Another thing I did today was adjust my MTU to 9000 on both network cards.  You need a switch that supports jumbo frames for this, and I happen to have one.  If you don’t know if yours does, it probably doesn’t.  Also, I changed my fstab line for mounting the NFS share and the exports line on the NAS to the following, respectively:

/vector/vector 192.168.0.0/16(rw,async,no_subtree_check)
192.168.1.5:/vector/vector	/vector	nfs	async,noatime,rsize=32768,wsize=32768	0	1

This should improve performance.

Save As… a dying breed

OK – I’ve been thinking about this for a while, and something in Google+ prompted me to make this post.  It goes like this:

Please don’t change the following:

See that?  See how there’s things like Save As… (I’m looking at you, OSX).  See how there’s actually a menu with entries in it that drops down and allows you to quickly scan text rather than randomly shoot your eyes around a “ribbon” (I’m looking at you, Microsoft Office 2007).  Stop changing this.  We’ve had this design for more than 20 years, so it’s likely quite a few of us are more than a little used to it now.  Also, make all the keyboard shortcuts work right.  For instance, Ctrl-Shift-s should always be Save As… and Ctrl-s should always be Save.  This applies to any and all applications that have some sort of document editing capability.

There.  Just had to get that off my chest.  I couldn’t find Bullets and Numbering in the stupid MS Office 2007 ribbon at work, since they got rid of the entire Format menu and replaced it with the impossible-to-navigate ribbon.  And today I heard there’s no Save As… in OSX Lion – I feel for you, dudes and dudettes.

The Quest for the Best Beef

I’m a pretty big fan of NY Strip Steaks. I usually just buy them from Costco (USDA Prime for about $15/lb). But, recently I’ve been curious about trying some other sources. I already put in an order to Baldwin’s, and I also plan on trying Lobel’s. I’ll also probably get a grill sampler from La Cense Beef. There’s quite a few local places that sell grass-fed as well, so I’ll be trying some of those.  Clark’s Never Sell The Land Farm is on the list.  Should be fun.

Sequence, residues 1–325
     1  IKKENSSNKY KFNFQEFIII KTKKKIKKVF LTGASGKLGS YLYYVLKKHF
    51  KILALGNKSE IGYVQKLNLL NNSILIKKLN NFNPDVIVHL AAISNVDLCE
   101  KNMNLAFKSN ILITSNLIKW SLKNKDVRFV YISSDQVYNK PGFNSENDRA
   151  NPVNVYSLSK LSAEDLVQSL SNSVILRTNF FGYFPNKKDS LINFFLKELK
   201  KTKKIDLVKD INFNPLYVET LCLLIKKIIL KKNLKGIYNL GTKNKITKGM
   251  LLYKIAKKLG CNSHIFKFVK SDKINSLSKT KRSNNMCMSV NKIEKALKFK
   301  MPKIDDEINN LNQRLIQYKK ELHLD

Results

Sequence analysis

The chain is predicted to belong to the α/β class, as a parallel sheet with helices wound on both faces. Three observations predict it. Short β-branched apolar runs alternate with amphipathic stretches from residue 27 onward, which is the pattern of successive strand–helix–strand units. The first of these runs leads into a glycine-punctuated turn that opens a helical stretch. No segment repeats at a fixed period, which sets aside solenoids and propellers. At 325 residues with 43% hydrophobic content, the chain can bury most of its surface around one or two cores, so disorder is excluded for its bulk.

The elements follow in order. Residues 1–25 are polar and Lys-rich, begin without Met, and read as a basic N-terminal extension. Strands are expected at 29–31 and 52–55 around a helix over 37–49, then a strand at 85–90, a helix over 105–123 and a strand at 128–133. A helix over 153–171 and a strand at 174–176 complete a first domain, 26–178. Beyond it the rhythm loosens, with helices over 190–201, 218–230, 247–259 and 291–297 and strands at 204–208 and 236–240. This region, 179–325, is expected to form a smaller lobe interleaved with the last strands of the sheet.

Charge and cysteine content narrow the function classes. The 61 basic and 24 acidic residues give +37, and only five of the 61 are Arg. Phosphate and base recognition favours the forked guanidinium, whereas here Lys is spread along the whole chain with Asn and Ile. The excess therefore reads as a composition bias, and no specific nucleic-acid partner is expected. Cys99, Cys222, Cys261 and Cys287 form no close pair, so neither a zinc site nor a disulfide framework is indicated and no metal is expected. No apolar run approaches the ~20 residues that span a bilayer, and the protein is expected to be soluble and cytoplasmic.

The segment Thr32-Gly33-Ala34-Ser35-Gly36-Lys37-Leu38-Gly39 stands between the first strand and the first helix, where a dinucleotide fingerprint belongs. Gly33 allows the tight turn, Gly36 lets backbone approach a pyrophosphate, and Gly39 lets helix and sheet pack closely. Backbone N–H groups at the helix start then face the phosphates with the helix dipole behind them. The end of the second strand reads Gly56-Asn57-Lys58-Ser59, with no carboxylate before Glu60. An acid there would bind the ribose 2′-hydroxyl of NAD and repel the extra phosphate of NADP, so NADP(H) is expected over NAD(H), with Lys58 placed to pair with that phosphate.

This all stemmed from reading these articles:
Ordering Up Beef That Roamed the Range
The first answer here

Update 2011-11-5

I’ve been eating Costco Prime NY Strip all week. The quality is very consistent, and the flavor is buttery and rich. These are cut 1.5″ thick, so you have to let them warm up at room temperature for quite a while before cooking, and you have to adjust Alton Brown’s recipe to about 3-4 minutes in the oven instead of the normal 2 to get it medium-rare. But, when done right, these things are killer. As a starting point, I’m going to give these an 8/10. I think this is fair, and I could always adjust it later if I find something REALLY good that deserves an 11 (or I could just give it an 11/10, maybe that’s the right way).

Costco Prime NY Strip from Store #1000: 8/10

I tried one of the burgers from Baldwin’s today. It was outstanding – I cooked it so it was warm in the center, but still rare enough to get massive beef flavor. I had it with some American cheese and lettuce for a bun, and just a touch of ketchup. This was one of the best burgers I’ve had for quite a while, and I’ll be trying the other three soon with different levels of done-ness. The beef has a bold flavor – it’s rather rich, and very clean. It tastes a lot like Ray’s Hellburger in Arlington if you order it rare. They supposedly grind up high-end roast and steak to make those burgers. These are a little spendy, but so far are definitely worth the premium price.

Update 2011-11-11

I’ve been eating the Baldwin’s beef I ordered, and it’s pretty darn good. The hamburger and burger patties we received are excellent – some of the best ground beef my wife and I have ever had. It’s rare that she even asks for a hamburger, let alone enjoys eating one, and she enjoyed the one I made for her today. There seems to be a perfect mixture of fat in the burger meat – it is just greasy enough to fry without sticking, but not enough to make a puddle in the pan or have to pour off fat – well done! I’ve been eating these burgers anywhere between medium-rare and well-done, and they’re good across the board.  I have to give these a 9/10.

Baldwin’s Beef Burger and Burger Patties: 9/10